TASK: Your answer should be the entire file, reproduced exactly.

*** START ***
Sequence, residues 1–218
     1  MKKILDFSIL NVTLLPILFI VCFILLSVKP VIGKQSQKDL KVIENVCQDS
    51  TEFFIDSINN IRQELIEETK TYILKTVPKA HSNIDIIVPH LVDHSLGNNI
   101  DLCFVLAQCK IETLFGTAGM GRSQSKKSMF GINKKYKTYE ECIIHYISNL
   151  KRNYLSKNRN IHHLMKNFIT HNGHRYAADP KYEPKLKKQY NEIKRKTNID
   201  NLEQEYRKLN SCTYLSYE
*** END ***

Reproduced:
Sequence, residues 1–218
     1  MKKILDFSIL NVTLLPILFI VCFILLSVKP VIGKQSQKDL KVIENVCQDS
    51  TEFFIDSINN IRQELIEETK TYILKTVPKA HSNIDIIVPH LVDHSLGNNI
   101  DLCFVLAQCK IETLFGTAGM GRSQSKKSMF GINKKYKTYE ECIIHYISNL
   151  KRNYLSKNRN IHHLMKNFIT HNGHRYAADP KYEPKLKKQY NEIKRKTNID
   201  NLEQEYRKLN SCTYLSYE